They could postpone the changes to social care that have not  been fully thought through and costed, keeping the current financial system in place. They could suspend the free smart meters programme which costs over £1bn a year, as the people who want them now have them. They could abandon the later phases of HS2 where construction contracts are not signed, saving maybe £100bn in future years. The collapse of commuting demand for rail travel has greatly changed the capacity case for this investment. The best cuts of all can come from intensifying work to help more of the people on benefits into the many jobs still available in our labour market. We need more mentoring, training, encouragement, and a clear understanding that benefits are temporary support whilst you find the new job. The government also needs to get on with the detailed work of slimming down the  numbers of quangos, working through quality and efficiency agendas service by service, and helping civil servants deliver more with less.
           November 17th is a big day for the government and our country it serves. It has to confirm sufficient help to people so all can afford the winter energy bills and the other rising costs. It has to demonstrate purpose to bring inflation down as the current higher interest rates should do. The future path of deficits and borrowing must  look better as public spending control and a resumption of growth brings revenues closer to expenses. The future energy subsidies must be cut and more market discipline restored. We need to foster much more investment in domestic energy, not deter it by a nexus of price controls and windfall taxes. The government  needs to remember you cannot tax your way out of recession, but you can tax your way into one. There is no way forward for the next year without borrowing more , but there are choices that can reduce the downturn. Austerity would  make it worse. This Financial Statement or budget will define politics up the next election. Going for growth in a  responsible way is what is needed.

107 Comments

  1. Mark B
    November 1, 2022

    Good morning.

    But again I say, they are not interested in growth, but inflation reduction. And to do that you need a recession. I would argue that they are gambling on a short sharp recession.

    I have been arguing for cuts to non-essential public services for ages. I have no confidence taht this government will or can make the right decisions as the party is divided on so many issues.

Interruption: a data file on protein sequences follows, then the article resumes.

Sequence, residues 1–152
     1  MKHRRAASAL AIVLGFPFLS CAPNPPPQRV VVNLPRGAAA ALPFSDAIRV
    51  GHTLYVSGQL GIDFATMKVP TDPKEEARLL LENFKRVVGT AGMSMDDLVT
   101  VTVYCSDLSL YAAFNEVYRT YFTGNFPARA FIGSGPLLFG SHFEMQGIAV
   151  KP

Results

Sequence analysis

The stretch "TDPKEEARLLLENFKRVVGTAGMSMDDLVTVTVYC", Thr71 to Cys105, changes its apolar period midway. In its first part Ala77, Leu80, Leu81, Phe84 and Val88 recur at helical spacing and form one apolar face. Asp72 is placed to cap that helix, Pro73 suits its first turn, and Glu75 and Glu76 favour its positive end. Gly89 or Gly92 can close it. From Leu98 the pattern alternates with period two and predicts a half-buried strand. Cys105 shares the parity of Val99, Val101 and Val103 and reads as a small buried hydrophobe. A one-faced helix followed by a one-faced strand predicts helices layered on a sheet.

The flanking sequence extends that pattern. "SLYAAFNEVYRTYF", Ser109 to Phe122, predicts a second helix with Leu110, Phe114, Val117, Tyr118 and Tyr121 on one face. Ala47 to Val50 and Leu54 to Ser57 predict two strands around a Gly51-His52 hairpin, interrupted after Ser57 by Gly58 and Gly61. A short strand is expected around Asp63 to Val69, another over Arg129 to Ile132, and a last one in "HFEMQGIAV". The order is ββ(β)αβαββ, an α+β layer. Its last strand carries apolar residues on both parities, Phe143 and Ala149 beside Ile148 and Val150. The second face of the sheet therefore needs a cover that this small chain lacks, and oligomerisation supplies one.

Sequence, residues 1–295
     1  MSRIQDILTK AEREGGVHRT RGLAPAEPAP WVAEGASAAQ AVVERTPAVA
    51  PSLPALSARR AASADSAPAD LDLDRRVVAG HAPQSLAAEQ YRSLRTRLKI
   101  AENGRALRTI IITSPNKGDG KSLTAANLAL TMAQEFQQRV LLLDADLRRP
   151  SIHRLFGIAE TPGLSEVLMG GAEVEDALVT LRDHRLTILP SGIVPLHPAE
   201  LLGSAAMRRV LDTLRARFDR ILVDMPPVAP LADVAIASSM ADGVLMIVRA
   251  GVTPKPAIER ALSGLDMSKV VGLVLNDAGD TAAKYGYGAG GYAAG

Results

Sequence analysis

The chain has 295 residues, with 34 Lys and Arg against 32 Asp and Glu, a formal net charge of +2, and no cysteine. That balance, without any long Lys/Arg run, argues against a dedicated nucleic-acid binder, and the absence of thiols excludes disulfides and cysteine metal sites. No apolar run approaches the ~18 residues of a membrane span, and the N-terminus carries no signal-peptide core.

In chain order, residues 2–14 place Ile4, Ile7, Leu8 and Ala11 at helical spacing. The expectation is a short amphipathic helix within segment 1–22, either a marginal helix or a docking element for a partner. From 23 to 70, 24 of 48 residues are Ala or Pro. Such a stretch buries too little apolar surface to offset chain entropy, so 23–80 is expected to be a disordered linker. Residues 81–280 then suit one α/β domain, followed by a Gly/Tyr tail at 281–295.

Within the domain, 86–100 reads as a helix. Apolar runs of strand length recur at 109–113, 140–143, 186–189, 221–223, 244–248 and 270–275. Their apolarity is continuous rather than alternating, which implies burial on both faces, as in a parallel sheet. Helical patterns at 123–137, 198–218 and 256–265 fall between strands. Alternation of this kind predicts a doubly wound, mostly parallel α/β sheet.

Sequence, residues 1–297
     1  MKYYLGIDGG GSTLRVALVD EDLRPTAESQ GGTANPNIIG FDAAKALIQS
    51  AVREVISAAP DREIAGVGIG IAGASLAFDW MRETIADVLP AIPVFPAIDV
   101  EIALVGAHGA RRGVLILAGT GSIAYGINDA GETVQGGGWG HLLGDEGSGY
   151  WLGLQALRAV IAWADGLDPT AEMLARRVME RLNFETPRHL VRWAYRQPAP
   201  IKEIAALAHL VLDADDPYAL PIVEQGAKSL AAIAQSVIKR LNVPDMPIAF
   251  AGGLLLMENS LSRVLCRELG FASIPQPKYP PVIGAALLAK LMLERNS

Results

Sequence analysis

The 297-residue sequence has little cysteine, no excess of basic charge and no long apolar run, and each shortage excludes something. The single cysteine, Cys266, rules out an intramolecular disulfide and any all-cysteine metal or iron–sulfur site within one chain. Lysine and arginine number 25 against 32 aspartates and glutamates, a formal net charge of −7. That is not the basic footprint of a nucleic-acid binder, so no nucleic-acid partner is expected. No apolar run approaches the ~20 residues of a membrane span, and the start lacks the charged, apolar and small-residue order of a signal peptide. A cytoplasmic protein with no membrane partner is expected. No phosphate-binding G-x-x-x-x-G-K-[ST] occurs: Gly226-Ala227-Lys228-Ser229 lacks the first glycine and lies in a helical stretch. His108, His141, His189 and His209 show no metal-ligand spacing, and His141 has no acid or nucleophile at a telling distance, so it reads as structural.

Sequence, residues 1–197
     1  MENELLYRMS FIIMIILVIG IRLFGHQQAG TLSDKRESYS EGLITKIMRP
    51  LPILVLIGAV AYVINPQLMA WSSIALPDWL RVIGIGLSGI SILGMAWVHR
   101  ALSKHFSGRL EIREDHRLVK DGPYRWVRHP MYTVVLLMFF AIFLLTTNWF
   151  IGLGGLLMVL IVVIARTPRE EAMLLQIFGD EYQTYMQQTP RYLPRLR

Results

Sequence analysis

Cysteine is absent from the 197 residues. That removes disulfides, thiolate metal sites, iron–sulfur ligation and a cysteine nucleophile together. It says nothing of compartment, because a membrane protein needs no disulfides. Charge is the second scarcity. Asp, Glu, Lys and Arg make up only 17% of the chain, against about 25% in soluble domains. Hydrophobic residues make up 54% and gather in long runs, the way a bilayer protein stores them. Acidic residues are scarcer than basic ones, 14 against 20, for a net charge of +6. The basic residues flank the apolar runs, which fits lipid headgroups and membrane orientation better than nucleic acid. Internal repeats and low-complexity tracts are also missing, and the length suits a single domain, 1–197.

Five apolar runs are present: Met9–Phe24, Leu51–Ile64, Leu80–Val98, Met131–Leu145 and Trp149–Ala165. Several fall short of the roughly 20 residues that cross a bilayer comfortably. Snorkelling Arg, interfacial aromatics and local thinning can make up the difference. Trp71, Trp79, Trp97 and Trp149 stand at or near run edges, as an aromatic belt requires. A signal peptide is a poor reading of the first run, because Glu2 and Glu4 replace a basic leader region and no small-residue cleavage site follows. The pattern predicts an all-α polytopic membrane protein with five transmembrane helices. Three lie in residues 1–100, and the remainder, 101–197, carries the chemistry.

The calls I hear are for strong leadership. Will PM Sunak and the Chancellor take the bull by the horns ? I doubt it.

    1. Nottingham Lad Himself
      November 1, 2022

      What do the Tories propose to do about the staggering cost of crime, costing at least 7% of GDP, and which always seems to rise markedly under their periods of office?

      Nothing at all, it seems.

      1. Roy Grainger
        November 1, 2022

        “Seems” doing a lot of heavy lifting there – peddling Corbyn’s discredited lines still ? ONS statistics show crime is in long-term decline but the police are now better at recording it. Anyway, some crime such as the drug trade are actually included in the GDP calculation as positive terms.

      2. Hope
        November 1, 2022

        Mark,

        Socialist Tories have been in power 12.5 years! JR’s aspiration blog is for the birds. His socialist govt. have not listened to former ministers who clear we had good socialist budgets- under Sunak! Carney’s contract extended not cut short.

        You, me and others warned years ago to fix the economic roof. The state grew, quangos increased not put on a fire, public services overwhelmed, useless and lost direction and purpose, magic money printing used time and again not stopped- despite Osborne’s claim to return to sound money! Repeated election claims a balanced Structural deficit achieved by 2015, 2017, 2021 then abandoned and start to pay down debt! What is the deficit and debt now! Look at how this has grown under Socialist Tories since gaining office. Hunt actively getting advice from Osborne and Hammond! All three overwhelmingly failed while in govt. now in control of the levers again, I expect further failure to use as a lever to show UK should not have left EU. Major had no conscience over UK people losing homes and business for his frantic dream to join ERM! May had no conscience for betraying the nation and was still signing up to more EU when we voted leave and she claimed Brexit means Brexit!

        Mass immigration encouraged and supported to destroy our culture and way of life, while deliberately lying to the public that it would be drastically cut. Osborne made clear no one in govt. was serious. He has been made ethics commissioner!

        JR is a lost conservative soul in his socialist party. Tory party needs to die. Sadly they might think like Cameron and swing ever left.

      3. Donna
        November 1, 2022

        Well they’re certainly adding to the problem by importing 1000 criminal migrants every day and refusing to deport them.

        What would Labour do about that? Stop it?

        Don’t make me laugh.

      4. Bloke
        November 1, 2022

        NLH:
        What seems is not what is.
        Conservative Michael Howard claimed to have cut crime by 50%.

      5. SM
        November 1, 2022

        You like making sweeping statements, NLH, so please accept this one: